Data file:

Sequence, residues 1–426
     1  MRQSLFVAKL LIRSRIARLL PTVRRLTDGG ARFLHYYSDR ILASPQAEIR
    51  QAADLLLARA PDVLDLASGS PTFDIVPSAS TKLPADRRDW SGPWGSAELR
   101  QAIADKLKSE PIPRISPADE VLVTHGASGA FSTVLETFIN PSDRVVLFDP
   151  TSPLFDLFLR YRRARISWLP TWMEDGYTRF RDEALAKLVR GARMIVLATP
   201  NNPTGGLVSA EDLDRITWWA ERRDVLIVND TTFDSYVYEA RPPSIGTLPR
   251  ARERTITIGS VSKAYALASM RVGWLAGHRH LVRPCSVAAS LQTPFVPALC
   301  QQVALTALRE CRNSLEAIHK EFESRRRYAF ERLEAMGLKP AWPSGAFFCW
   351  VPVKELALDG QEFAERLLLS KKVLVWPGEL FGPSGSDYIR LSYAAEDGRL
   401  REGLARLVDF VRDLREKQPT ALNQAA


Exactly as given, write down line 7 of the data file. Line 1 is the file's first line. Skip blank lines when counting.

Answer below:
   251  ARERTITIGS VSKAYALASM RVGWLAGHRH LVRPCSVAAS LQTPFVPALC